The Kids Are All Right is the latest of the current batch of American artificial insemination comedies, following closely on from The Switch and The Back-Up Plan. This new one, however, has got much more critical attention since its premiere at last year’s Sundance Film Festival. This is probably due to its arthouse and independent credentials as it remains questionable whether it’s marking out has anything to do with its quality.
Nic (Annette Bening) and Jules (Julianne Moore) are a couple with two loving children, Joni and Laser (Mia Wasikowska and Josh Hutcherson) and a nice, suburban house. Their family may seem unconventional, but it functions just like any other family. The balance is upset with the arrival of the kids’ sperm donor father Paul (Mark Ruffalo) after Joni and Laser contact him behind their parents' back. Things get more complicated, the trials of marriage offsetting the cosy domesticity of Nic and Jules’ lives.
The performances are all uniformly believable with the camera remaining trained on its actors, observing their uncomfortable glances and nervous twitches. A lot of the focus of the film is based on achieving an authenticity. The characters are seen as real, with lives that expand above and beyond the tight narrative frame, that of the threatened and reasserted family values. Characters fall out with friends or talk at length about music or local food without progressing the story one notch. Lisa Cholodenko (who also directs) and Stuart Blumberg write clever dialogue that doesn’t feel forced and present characters that seem to drive the story independently of whatever plot machinations Cholodenko or Blumberg may throw in their path. It is clear that The Kids Are All Right is a film with a lot of talent behind it.
So why does it not work? The characters work and the things they say fit who they are. The film itself remains oddly cold and uninteresting. It leaves many of its best scenes too early, taking on the veneer of an edited highlights compilation of embarrassing moments. It takes a lot of effort to convince you that its character might exist but doesn’t really allow you to spend time with them. We end up watching them through a microscope, observing from a distance rather than being there with them. This distance may or may not have something to do with the politics of the filmmakers. They seem much more interested in making ‘important’ points as if they are arguing with us, trying to convince us that, yes, the kids are all right. It may be a gross simplification, but I can’t help but think that the film is preaching to the converted as, after all, its audience are people who actively chose to go and see an LGBT-themed film.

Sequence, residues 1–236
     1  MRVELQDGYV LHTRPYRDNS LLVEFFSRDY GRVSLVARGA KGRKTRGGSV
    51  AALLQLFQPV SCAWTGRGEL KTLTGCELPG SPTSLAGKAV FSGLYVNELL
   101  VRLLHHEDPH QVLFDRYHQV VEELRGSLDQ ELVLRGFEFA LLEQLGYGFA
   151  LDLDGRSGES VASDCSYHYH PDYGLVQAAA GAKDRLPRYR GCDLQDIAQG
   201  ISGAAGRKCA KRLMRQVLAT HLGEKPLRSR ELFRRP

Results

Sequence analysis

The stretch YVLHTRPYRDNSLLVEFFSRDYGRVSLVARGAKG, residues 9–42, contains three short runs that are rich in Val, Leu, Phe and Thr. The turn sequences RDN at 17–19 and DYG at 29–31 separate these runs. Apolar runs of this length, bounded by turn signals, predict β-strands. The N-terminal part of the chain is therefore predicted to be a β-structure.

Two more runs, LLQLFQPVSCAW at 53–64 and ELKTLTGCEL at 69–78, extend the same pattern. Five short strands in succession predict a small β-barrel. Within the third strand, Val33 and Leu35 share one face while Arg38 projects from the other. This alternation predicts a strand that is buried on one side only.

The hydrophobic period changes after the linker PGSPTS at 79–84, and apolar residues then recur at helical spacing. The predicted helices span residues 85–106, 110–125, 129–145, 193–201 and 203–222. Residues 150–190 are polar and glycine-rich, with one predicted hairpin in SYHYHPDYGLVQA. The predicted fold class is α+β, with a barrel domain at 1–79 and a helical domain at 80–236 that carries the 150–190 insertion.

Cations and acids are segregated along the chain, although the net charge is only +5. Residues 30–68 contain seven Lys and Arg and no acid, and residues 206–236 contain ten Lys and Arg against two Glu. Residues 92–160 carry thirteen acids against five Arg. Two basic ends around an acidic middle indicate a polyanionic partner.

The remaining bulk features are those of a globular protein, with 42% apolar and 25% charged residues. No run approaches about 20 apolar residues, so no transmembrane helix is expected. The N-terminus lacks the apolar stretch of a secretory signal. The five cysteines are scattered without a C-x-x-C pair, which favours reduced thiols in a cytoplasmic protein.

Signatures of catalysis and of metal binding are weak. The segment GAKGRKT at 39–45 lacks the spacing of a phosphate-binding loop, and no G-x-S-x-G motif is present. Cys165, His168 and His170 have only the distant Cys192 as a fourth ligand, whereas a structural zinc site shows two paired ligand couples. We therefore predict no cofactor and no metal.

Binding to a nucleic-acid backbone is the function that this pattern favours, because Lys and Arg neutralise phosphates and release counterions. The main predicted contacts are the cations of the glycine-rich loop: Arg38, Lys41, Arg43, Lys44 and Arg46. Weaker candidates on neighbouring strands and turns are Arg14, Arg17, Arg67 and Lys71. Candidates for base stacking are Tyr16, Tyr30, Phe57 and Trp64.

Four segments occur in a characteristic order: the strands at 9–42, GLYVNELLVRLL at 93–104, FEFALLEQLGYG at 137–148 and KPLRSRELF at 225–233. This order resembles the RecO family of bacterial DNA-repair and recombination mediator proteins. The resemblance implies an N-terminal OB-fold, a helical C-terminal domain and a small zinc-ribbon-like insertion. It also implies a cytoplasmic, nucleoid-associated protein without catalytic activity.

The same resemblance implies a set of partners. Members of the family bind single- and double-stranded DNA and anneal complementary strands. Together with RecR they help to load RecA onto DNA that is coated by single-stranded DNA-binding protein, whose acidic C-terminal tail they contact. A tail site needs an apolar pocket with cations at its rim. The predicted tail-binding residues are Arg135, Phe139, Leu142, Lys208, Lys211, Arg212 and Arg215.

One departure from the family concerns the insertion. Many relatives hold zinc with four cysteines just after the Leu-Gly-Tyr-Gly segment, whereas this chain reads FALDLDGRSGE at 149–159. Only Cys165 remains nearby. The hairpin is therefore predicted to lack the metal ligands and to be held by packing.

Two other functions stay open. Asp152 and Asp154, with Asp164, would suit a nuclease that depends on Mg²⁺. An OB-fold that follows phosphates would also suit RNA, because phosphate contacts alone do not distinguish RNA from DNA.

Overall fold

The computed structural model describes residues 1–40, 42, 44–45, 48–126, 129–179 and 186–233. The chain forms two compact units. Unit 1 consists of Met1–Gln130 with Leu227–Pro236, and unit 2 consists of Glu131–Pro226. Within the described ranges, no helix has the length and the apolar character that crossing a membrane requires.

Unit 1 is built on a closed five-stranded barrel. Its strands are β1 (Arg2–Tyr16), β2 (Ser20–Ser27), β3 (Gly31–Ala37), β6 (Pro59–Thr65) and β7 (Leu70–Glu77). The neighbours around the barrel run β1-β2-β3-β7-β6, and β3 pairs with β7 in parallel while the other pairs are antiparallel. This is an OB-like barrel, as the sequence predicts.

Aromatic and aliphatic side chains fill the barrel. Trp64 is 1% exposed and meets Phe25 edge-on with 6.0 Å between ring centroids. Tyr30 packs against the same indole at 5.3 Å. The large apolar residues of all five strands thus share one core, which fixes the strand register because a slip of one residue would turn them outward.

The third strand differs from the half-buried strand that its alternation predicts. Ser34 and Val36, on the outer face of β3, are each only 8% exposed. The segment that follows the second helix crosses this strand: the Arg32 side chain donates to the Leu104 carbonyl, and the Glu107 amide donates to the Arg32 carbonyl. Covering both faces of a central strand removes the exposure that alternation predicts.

Matters are not helped by the film’s decline into melodrama in its final third. Here, the characters become the vehicles to drive the tired plot forward. Their actions and conversations seem less organic. While the typical acoustic guitar strings twang, the American indie movie’s method of telling us that we should be feeling sad, things get rather boring. You get the film’s message early on, but it is not above reminding you about it or making damn sure you didn’t miss it the first time round. It is a film with a progressive message (families are families no matter what shape or form) but with an overtly didactic execution. If, in the end, it seems worth getting worked up about, it is a rather frustrating film for exactly what it gets right.
Politics and cinema are uneasy bedfellows. When it works, it really works but when it doesn’t it makes for some patronising films. The Kids Are All Right doesn’t want to charm or entertain, it wants to change opinions and spark debate. But rather than intrigued hums and ahs, it will more likely be met with duh’s and yawns. A film that thinks it is more controversial than it really is.